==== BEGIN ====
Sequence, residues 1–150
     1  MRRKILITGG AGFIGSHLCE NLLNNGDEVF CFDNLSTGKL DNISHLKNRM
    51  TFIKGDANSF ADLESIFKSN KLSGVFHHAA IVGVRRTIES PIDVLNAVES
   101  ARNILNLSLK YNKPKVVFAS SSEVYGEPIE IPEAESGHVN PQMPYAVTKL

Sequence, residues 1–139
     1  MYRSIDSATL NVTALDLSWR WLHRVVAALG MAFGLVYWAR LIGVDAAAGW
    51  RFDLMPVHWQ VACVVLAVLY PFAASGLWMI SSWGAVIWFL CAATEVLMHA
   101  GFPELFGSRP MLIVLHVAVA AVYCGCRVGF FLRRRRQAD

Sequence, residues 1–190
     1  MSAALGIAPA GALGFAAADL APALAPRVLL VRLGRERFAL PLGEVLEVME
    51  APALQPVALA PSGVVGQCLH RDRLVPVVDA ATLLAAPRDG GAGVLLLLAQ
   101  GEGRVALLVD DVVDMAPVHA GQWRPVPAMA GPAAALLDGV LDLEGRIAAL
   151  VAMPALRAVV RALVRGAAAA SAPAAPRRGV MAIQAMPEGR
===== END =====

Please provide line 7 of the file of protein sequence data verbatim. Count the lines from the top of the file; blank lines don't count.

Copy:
    51  RFDLMPVHWQ VACVVLAVLY PFAASGLWMI SSWGAVIWFL CAATEVLMHA